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placeholder St. Mary Magdalene relic to visit 3 Dominican communities

Bishop Cordileone speaks at Red Mass in Arizona

Author, professor offers ‘jewels’ about different world religions

Vigil at St. Raymond keeps hope alive for Ilene Misheloff

At St. Mary’s, an undergraduate does some special research

Civil War exhibit comes to Moraga

Bring questions, family to get the most from a campus visit

Kenyan bishop says ‘thanks’ to Richmond parish

Kmhmù rejoice over ordination

Oakland right to life rally calls attention to ‘black genocide’

How the Bishop’s Appeal directly helps you

Parish to share proceeds of fundraiser with Malta Clinic

placeholder February 7, 2011   •   VOL. 49, NO. 3   •   Oakland, CA

Walter Hoye, left, and Brian and Denise Walker, at the podium, were part of the program at the Jan. 22 Walk for Life in San Francisco.
josé luis aguire photo
Oakland right to life rally
calls attention to ‘black genocide’

About 200 people gathered under bright skies in Oakland on Jan. 21 to, in the words of Issues4Life founder Walter Hoye, “to take a walk in Oakland.”

Hoye, whose sidewalk counseling outside an Oakland abortion clinic led to a city ordinance aimed at his activity, and later, jail time, called on the community to end what he calls black genocide.

Speakers at the noontime rally, which was followed by a walk through downtown Oakland, included Kevin McGary, author of “Instanity!”; Denise and Brian Walker of Everlasting Light ministries of Minnesota; and Dion Evans, senior pastor at Chosen Vessels Christian Church in Alameda.

Abortion, McGary told the crowd, “has everything to do with human right, it has everything to do with civil rights, it has everything to do with social justice.”

“If you’re sincere about racism,” he said, “this is the pivotal issue.”

McGary estimated that 94 percent of Planned Parenthood’s clinics are placed in African American neighborhoods. “Forty percent of all abortions are being performed on African American children,” he said. Noting African Americans make up 12 percent of the population, and estimating that women of childbearing age make up 3 percent of the population, “23 million people have been denied life,” he said.

“How can we have principled people that ignore this issue?” he asked, noting that the NAACP, Congressional Black Caucus and council of black churches remain silent on the issue of abortion.

Brian and Denise Walker offered their personal story of abortion. Four months before their planned wedding, they told the crowd, Denise discovered she was pregnant. They chose abortion; she said it was her third abortion.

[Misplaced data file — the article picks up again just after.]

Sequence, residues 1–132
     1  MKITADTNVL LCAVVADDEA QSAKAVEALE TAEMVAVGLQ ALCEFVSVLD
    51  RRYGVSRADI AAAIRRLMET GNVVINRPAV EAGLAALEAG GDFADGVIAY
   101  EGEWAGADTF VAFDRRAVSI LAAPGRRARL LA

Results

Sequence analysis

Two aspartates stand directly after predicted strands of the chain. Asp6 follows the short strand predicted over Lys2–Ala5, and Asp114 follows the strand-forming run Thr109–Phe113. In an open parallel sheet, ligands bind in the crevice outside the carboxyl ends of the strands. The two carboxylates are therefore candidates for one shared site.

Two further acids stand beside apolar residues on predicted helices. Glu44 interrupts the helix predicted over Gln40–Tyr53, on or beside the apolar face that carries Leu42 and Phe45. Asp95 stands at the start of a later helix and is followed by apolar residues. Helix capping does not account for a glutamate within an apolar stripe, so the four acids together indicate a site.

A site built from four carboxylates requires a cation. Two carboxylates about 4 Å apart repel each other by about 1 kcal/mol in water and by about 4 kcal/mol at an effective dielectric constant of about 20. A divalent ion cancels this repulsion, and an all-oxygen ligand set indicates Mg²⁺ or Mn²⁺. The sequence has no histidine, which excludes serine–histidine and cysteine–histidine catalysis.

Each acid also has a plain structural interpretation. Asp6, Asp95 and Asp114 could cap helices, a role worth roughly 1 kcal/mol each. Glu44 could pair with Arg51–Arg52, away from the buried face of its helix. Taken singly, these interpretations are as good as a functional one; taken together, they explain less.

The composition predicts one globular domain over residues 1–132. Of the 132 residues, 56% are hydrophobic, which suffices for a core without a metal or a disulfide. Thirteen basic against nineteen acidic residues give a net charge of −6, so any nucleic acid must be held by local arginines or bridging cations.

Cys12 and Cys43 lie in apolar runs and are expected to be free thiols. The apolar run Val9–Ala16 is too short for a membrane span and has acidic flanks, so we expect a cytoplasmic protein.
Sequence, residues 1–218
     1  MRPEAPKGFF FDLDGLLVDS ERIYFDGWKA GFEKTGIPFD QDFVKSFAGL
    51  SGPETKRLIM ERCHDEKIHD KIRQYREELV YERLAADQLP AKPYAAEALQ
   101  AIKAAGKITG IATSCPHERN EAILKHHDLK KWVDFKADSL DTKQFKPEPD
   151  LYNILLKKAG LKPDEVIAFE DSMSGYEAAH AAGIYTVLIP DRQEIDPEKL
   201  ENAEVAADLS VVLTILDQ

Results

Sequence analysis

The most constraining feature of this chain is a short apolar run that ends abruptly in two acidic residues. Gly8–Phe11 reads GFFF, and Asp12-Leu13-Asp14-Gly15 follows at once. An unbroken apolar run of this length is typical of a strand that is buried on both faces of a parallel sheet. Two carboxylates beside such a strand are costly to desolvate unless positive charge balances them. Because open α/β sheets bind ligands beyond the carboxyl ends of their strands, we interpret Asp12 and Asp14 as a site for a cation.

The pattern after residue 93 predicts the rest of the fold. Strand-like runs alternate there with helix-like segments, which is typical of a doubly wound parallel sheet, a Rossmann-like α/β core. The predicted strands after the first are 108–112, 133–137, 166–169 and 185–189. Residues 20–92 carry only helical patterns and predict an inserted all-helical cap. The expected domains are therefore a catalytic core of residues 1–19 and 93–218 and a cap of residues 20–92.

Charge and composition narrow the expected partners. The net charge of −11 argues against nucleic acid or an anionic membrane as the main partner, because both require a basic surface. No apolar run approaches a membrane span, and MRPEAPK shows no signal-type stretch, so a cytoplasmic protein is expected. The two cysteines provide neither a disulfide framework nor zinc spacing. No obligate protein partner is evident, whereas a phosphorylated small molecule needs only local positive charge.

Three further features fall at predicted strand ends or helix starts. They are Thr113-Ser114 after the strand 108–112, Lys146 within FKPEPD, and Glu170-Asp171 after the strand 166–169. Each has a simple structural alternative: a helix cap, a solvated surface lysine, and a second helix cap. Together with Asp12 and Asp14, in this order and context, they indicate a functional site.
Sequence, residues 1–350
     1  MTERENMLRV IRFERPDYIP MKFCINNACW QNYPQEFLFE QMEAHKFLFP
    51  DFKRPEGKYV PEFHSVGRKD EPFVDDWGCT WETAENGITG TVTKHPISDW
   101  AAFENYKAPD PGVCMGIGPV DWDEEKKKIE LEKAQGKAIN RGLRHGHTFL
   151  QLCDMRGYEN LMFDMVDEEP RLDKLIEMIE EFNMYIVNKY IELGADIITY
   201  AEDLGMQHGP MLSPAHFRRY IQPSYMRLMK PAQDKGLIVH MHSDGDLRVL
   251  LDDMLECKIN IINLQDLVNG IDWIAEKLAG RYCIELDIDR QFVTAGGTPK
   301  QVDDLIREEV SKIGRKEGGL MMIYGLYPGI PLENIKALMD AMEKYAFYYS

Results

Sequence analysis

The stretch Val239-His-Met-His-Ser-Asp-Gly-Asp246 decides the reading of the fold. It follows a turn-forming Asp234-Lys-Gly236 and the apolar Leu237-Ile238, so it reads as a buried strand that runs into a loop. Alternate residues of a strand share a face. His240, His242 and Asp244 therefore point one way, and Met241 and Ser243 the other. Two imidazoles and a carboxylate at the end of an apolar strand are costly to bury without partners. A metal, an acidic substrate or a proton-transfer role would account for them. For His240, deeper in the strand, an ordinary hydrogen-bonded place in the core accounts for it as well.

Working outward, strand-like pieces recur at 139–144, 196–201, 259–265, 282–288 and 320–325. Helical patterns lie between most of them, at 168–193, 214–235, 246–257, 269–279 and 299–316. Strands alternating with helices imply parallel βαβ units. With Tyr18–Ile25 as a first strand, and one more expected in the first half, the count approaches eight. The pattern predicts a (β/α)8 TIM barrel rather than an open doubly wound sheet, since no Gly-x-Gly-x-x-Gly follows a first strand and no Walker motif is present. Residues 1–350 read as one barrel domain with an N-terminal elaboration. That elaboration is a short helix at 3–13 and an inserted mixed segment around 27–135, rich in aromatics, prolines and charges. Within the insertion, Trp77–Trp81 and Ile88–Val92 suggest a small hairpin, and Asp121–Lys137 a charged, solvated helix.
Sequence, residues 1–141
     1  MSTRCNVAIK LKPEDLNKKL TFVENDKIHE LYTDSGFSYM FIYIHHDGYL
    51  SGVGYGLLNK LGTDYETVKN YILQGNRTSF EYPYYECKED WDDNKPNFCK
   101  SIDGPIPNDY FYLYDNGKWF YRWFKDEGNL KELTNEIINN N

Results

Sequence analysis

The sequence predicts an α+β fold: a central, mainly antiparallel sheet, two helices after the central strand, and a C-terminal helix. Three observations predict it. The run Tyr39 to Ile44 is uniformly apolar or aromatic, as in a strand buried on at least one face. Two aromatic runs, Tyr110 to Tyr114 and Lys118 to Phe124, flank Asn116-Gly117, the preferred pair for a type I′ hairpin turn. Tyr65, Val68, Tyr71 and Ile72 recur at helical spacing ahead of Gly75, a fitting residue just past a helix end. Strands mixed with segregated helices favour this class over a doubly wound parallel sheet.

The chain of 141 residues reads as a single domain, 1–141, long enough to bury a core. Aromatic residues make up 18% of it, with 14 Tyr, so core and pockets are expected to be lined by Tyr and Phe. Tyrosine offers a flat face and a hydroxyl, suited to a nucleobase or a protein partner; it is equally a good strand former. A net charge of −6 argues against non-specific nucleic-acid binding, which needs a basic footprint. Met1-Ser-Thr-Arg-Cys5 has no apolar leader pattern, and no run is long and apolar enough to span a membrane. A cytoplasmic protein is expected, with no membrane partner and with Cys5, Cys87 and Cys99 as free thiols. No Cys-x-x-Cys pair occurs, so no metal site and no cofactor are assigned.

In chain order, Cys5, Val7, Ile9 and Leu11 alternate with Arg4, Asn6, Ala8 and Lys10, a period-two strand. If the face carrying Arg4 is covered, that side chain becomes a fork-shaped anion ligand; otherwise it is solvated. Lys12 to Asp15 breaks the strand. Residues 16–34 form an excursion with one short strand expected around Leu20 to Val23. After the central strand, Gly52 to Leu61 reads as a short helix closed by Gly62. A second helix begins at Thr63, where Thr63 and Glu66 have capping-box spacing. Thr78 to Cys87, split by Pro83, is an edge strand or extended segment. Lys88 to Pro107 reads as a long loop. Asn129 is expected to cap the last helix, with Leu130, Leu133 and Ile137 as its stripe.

“The shame started the very moment I decided to kill my child,” Brian Walker said. They told of spending the first 17 years of their marriage trying to overcome the chasm in their marriage that the abortion created.

“There are no resource dollars in the black community” for Hoye’s work, Evans, the Alameda pastor, told the crowd, which responded with a steady stream of bills, ones and 20s, being brought to the microphone.

After the hourlong rally at Frank Ogawa Plaza in front of Oakland City Hall, marchers walked through the streets of downtown Oakland. Police reported no incidents during the event.

Among those walking were several representatives from Survivors, a Riverside ministry in which young people, ages 18 to 24, spend 18-week sessions visiting high school and college campuses to talk about abortion. They wore sweatshirts emblazoned with the words: “If you were born after 1972, you are a survivor.”

Daniel Rivera, 19, of Rancho Cuca-monga, said the group visits high school and college campuses to “activate youth and give them the tools to show the evils of abortion.”

Also joining in the Oakland walk were David Bereit, national campaign director for 40 Days for Life, and four members of Sisters of Life. The New York order was founded in 1991 by Cardinal John O’Connor for the protection and enhancement of the sacredness of every human life.

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